I love the outdoors. I'm not exactly what you'd call a trekker or a hiker or a survivalist, but there's something about walking up a mountain trail or standing beside a swiftly moving creek in the middle of a forest that thrills the senses and touches the soul. Recently, I had the opportunity to interpret for a client who was attending a training program up in the heart of the Great Smoky Mountains National Park. As reluctant as I was to leave home for a week, I was nevertheless excited about the prospect of being out in God's country for several days. To be honest, the week was hot and sweaty. The group spent more time outside than in, and the heat was brutal. Even so, I had one of the most memorable and enriching experiences of my life, and I'll be forever grateful to the fantastic team working at the Great Smoky Mountains Institute at Tremont, which is an invaluable resource for nature education. If you have some vacation time, I highly recommend that you enroll in one of their courses and participate in a little citizen science. If you're a birder, check here for a chance to take part in a great project!
Throughout the week, the client (and, therefore, the other interpreters and I) learned a great deal about the national park and its resources, as well as the threats it faces. For example, at the time of its charter in 1934, the park was home to settlers who had moved to the unspoiled area in the late 18th and 19th centuries. Hundreds of families, who had farmed and cut timber for generations, were bought out (or forced out, since the government exercised eminent domain) so that the land could be preserved as closely to its natural state as possible. Far before the European settlers found the land, the Appalachians had been the longtime home of the Cherokee Indians, who were forced out during the late 1830's in a deadly march west to reservation lands that later became known as the Trail of Tears. As you can imagine, the area is rich with the heritage of both cultures: the mountain folk, who fought harsh winters and carved farmland out of the sides of mountains, who stitched faith, hope and the human spirit into their soul-stirring music; and the Principal People, the People of the Caves, the Cherokee, who embraced a deep connection with the land and its creatures, and whose beautiful creation stories still warm the heart with powerful imagery.
Through lectures, hikes and impromptu in-the-field learning moments, we were shown how the forests have been ravaged by acid deposition and the introduction of non-native invasive species, both the result of man's exercising his perceived authority over nature. Even so, there is still a wonderful variety of plants and animals in the park. For example, the park is home to 31 species of salamander, 200 different types of birds, dozens of mammal species, more than 80 kinds of fish, and innumerable varieties of insects.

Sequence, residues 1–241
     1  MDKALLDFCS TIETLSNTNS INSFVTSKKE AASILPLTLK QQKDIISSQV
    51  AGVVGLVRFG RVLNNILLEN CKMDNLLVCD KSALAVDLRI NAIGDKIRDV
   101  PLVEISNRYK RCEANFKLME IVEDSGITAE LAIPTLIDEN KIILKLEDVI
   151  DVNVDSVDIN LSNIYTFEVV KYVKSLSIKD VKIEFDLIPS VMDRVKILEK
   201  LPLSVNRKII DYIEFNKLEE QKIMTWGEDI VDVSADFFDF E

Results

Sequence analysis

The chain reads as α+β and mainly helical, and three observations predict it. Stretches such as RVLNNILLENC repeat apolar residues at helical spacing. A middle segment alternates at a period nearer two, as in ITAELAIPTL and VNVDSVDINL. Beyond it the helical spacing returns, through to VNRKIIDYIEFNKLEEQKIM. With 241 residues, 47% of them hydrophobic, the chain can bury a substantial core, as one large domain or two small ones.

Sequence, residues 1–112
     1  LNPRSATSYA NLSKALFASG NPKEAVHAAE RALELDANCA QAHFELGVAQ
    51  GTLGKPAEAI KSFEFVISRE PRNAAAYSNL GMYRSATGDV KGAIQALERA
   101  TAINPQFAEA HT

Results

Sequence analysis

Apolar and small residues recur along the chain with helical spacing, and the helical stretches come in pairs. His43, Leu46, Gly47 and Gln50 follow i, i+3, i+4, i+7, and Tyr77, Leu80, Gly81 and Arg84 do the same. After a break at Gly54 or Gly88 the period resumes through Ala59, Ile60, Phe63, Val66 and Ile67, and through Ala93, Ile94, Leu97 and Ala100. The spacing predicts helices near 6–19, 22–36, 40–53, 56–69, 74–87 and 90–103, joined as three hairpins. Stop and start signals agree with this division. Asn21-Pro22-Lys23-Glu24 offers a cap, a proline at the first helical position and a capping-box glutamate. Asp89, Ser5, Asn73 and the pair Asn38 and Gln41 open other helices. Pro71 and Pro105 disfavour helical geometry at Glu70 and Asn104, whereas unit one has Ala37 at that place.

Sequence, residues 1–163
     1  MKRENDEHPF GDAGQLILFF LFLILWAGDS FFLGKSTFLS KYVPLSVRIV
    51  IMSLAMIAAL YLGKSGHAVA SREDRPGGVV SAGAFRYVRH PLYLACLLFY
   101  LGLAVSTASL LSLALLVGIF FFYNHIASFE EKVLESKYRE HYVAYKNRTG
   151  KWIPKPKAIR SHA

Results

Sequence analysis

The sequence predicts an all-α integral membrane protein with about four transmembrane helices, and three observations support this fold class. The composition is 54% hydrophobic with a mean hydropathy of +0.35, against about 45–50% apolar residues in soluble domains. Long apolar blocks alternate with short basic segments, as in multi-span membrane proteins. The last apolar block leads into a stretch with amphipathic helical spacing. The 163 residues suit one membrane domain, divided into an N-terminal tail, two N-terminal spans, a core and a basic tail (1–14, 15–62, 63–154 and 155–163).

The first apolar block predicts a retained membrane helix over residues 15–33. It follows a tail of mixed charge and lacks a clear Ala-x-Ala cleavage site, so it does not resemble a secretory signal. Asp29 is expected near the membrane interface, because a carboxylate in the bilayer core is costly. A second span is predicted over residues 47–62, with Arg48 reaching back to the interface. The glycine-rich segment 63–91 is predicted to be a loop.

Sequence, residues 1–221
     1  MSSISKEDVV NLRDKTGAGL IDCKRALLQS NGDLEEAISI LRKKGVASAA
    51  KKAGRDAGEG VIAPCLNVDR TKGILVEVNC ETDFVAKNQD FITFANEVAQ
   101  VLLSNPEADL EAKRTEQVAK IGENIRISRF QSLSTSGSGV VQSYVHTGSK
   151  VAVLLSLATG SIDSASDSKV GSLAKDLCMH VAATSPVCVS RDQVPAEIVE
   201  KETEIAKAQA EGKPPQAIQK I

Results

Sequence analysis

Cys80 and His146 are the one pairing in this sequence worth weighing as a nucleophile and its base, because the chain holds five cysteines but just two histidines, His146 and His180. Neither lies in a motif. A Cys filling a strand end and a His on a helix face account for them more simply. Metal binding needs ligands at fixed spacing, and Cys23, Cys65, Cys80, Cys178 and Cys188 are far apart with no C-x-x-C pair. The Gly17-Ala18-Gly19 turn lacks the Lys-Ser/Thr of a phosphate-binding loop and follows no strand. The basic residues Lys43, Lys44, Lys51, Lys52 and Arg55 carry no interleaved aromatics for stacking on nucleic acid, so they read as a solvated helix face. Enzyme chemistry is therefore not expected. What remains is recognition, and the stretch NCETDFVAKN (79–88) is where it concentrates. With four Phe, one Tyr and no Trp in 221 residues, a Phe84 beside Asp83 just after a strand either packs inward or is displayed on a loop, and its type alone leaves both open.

The most notable of all the critters to be found within the park are the black bears, of course. Sadly, these beautiful creatures are regularly threatened by the very visitors to the parks who wish to admire them. We were told (and shown photos) of a bear that had to be euthanized last year after it "attacked" a human. The attack occurred because a group of people had surrounded the bear and, after feeding it, were taking pictures and talking excitedly. One of the group decided that petting this wild creature would be a great idea. The bear, startled, bit the person on the foot. Even thought the bear was not at fault, it still had to be destroyed because it had lost its fear of humans. Common wisdom holds that once a bear no longer fears humans, it will eventually consider them a viable food source if necessity demands it. The thought that an innocent animal had to be put down due to careless and arrogant behavior on the part of park visitors sickened me. If one chooses to enter nature, one should be wise enough to understand and follow its rules.
Despite the damage done to the forests by logging and farming, the losses suffered to native species due to pollution and human encroachment, and the changing of the beautiful blue mist that once shrouded the mountains to what occasionally appears to be a sallow smog, the Great Smoky Mountains are nevertheless still a majestic testament to the power of the hand of the Creator. When standing still in the midst of the hushed forest, one can almost feel the pulse of the earth thrumming to the rhythm of God's heartbeat. The connection to things invisible and ineffable becomes palpable, and the sensation of being tiny but integral is overwhelming.
If you've never taken the short drive up to the Great Smoky Mountains, you don't know what you're missing. If you can tear yourself away from the contrived, commercial cuteness of Gatlinburg and the gaudy, over-the-top Pigeon Forge, move further up into the hills and visit the park. Drive the Cade's Cove loop, step out of your car and step back into history at the Primitive Baptist Church or one of the many homestead sites. Put on your hiking boots and make the treks up to Laurel Falls and Clingman's Dome. If you do, bring your camera. And your sense of awe.